Molecular monitoring of BCR-ABL transcript levels by real-time quantitative PCR is increasingly being used to diagnose the disease and assess treatment response in patients with chronic myeloid leukemia (CML). This has become particularly relevant when residual levels of leukemia usually fall below the level of detection by cytogenetic analysis. Forty-two CML patients, including 18 males (42.86%) and 24 females (57.14%) aged 7–75 years, were enlisted for the study and followed-up for the response to imatinib treatment. Patients were subjected to Multiplex RT-PCR (reverse-transcriptase PCR) and were all found to harbor either e13a2 or the e14a2, which could be analyzed by a single Taqman probe based quantitation kit (Geno-Sen’s) to quantitate the BCR-ABL transcript load. The Multiplex RT-PCR and peripheral blood cytogenetics providing specific and sensitive detection of BCR-ABL fusion transcripts and metaphase signal load respectively were used as parallel reference tools to authenticate the q-PCR findings. There was 100% concordance between the multiplex RT-PCR and the q-PCR as every positive RT-PCR assay for a transcript reflected as q-PCR load of above 0% for that transcript. q-PCR also demonstrated a strong Pearson correlation with the cytogenetic response.

Introduction

Chronic myeloid leukemia (CML), the first neoplasm in humans to be associated with a single specific acquired genetic lesion [1], is one of the best understood myeloproliferative disorders at the molecular level. The disease originates from the transformation of a hematopoietic stem cell with consequent expanding myelopoiesis. The reciprocal t(9;22)(q34;q11) translocation is identified as the initial transforming event in the pathogenesis of CML that yields a truncated chromosome 22 called the Philadelphia (Ph) chromosome [2] harboring the BCR-ABL fusion gene which constitutes the molecular basis of the disease [3].

In the vast majority of CML patients (95%) and approximately one-third of Ph+ALL patients, the BCR gene breaks in the 5.8-kb breakpoint cluster region (bcr) spanning exons 12–16 and is termed as the major bcr (M-bcr). As a result of alternative splicing, either b2a2 or b3a2 (also called e13a2 and e14a2, respectively) transcripts are formed. The other two bcrs in the BCR gene have also been characterized, which are: the minor-bcr (m-bcr) and micro-bcr (µ-bcr) regions [4].

Hematologic, cytogenetic, and molecular monitoring of CML along with BCR-ABL1 mutational analysis have become integral to the routine management of the disease [5,6]. However, the definition of a molecular response as indicative of a high probability of progression-free survival highlights the relevance of molecular analysis for clinical management as increases in the BCR-ABL level can identify patients as probable candidates for kinase domain mutations that lead to imatinib resistance. Therefore, the real-time PCR based molecular quantitative assays (RQ-PCR or q-PCR) can be used as a screening strategy for mutation analysis. Furthermore, as second-generation kinase inhibitors’ clinical use is on, the molecular response remains a primary end point that determines efficacy.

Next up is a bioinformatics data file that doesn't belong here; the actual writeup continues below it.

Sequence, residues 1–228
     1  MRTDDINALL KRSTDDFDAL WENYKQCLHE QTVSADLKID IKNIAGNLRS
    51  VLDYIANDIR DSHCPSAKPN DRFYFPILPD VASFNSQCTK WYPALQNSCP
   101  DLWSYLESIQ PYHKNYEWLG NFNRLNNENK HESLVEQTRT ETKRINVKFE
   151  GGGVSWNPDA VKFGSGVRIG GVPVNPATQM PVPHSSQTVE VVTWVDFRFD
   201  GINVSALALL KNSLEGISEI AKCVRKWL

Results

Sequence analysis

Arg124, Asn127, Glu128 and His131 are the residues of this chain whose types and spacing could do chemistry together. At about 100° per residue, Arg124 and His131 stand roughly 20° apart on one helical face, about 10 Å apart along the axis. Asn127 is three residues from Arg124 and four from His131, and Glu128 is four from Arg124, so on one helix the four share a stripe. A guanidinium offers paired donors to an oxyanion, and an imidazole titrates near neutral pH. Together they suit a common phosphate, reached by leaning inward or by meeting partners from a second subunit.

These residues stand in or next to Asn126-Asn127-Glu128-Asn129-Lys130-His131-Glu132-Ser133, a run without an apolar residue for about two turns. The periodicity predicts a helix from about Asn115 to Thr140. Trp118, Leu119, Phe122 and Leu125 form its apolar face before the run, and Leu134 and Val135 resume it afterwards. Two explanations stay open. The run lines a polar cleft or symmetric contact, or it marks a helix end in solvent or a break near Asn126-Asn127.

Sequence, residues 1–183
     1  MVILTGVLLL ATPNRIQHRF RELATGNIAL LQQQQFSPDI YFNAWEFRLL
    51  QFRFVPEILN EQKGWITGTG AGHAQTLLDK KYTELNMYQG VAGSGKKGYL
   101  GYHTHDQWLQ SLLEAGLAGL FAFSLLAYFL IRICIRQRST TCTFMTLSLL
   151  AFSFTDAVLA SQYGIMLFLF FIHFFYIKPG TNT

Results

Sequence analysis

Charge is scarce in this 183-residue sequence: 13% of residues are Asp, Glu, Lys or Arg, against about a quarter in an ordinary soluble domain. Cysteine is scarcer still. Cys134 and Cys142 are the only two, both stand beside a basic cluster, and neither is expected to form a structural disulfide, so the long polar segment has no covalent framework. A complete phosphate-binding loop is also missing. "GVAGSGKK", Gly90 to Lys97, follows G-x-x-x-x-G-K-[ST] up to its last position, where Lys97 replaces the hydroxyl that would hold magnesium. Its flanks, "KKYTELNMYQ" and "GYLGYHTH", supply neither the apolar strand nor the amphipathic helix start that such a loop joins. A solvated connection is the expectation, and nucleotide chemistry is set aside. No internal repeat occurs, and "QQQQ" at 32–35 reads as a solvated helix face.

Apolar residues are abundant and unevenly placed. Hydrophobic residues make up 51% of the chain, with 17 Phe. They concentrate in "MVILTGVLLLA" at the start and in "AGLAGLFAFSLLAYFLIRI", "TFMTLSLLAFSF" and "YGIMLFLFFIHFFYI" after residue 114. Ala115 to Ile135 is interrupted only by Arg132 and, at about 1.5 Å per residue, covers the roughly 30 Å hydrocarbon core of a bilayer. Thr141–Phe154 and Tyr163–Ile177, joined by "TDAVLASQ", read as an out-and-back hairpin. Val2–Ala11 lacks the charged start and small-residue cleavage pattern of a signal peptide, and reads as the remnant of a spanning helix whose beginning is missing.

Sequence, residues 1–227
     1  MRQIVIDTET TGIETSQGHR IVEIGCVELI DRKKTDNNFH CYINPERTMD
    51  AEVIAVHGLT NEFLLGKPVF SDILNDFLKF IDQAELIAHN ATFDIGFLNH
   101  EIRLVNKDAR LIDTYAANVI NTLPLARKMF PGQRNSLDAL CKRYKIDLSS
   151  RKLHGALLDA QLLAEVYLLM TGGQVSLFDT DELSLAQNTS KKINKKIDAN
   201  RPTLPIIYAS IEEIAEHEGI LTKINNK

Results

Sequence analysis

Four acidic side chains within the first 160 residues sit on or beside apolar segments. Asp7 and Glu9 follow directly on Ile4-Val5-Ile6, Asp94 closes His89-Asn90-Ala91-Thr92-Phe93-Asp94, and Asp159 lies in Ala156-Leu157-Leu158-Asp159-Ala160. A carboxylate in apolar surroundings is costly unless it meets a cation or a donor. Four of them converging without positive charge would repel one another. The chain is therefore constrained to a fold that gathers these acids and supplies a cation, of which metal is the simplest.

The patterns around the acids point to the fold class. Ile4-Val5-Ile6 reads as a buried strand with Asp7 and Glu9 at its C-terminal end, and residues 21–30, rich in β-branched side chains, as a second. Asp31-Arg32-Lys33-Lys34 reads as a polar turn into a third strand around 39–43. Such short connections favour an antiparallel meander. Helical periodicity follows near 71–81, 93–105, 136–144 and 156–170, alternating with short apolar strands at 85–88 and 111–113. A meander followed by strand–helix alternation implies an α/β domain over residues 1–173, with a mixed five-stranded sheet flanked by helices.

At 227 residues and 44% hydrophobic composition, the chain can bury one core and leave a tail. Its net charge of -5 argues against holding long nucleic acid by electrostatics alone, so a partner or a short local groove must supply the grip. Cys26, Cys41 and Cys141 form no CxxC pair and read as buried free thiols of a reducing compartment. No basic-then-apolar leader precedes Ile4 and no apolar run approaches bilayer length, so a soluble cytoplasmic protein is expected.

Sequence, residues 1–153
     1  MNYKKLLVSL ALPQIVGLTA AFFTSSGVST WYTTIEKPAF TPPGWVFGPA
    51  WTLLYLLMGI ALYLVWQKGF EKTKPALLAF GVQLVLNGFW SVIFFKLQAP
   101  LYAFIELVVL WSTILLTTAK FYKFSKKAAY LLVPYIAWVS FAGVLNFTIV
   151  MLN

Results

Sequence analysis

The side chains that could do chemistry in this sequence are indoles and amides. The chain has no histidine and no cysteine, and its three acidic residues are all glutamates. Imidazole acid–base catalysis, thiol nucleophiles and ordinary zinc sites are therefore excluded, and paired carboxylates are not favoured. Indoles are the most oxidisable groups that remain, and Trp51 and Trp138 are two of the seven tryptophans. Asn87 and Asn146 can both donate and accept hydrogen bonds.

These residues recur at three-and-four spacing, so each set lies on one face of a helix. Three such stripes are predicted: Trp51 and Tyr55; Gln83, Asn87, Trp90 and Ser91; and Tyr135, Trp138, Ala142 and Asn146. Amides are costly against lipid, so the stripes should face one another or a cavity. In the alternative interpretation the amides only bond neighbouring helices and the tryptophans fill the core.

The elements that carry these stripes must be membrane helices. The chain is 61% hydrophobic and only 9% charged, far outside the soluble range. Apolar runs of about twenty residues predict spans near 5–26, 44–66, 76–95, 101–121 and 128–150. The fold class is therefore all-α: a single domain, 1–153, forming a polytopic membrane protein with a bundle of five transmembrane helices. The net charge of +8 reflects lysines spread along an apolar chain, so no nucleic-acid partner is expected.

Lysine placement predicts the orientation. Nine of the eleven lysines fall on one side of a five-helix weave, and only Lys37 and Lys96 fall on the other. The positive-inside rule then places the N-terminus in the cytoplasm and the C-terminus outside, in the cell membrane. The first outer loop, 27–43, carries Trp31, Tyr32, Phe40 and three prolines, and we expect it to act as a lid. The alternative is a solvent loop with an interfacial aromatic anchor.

RQ-PCR or q-PCR [7,8] involves extraction of total RNA from the peripheral blood or bone marrow specimen, reverse-transcription of the mRNA so obtained into cDNA, and quantitative (real-time) co-amplification of the target BCR-ABL cDNA and cDNA of an internal control gene. For quantitative molecular assays, standard curves are constructed by serial dilutions of known amount of cloned plasmid containing the fusion DNA, or from serial dilutions of K562 cells in normal DNA. Nowadays, such material is provided by the easily available Taqman probe based kit formulations.

This work is a first of its kind endeavor in our part of the world called Kashmir (North India), where no such work has been attempted before. As our institute (Sher-i-Kashmir Institute of Medical Sciences (SKIMS)) happens to be the only referral institute for leukemia patients including CML, the primary objective behind our work was to establish the real-time quantitative assay for BCR-ABL transcripts in order to help monitor the treatment of CML patients in our setting.

Materials and methods

Patients

Forty-two CML patients including 18 males (42.86%) and 24 females (57.14%) aged 7–75 years, of which 19 cases (45.24%) belonged to age group ≤45 years and the rest 23 (54.76%) were >45 years, were enrolled into our cohort study after their screening from the Departments of Medical Oncology, SKIMS, and Clinical Hematology, SKIMS. Informed consent from each patient as well as the approval from the ‘Institute Ethics Committee’ (IEC) of SKIMS was obtained prior to start of the study. Patients were monitored for response to Imatinib (400 mg/day) and were recruited from October 2013 to November 2014 and followed up till May 2016 at the Department of Immunology and Molecular Medicine, SKIMS. The diagnosis of CML was based on characteristic peripheral blood smear analysis and complete blood profiling along with bone marrow examination findings of the patients.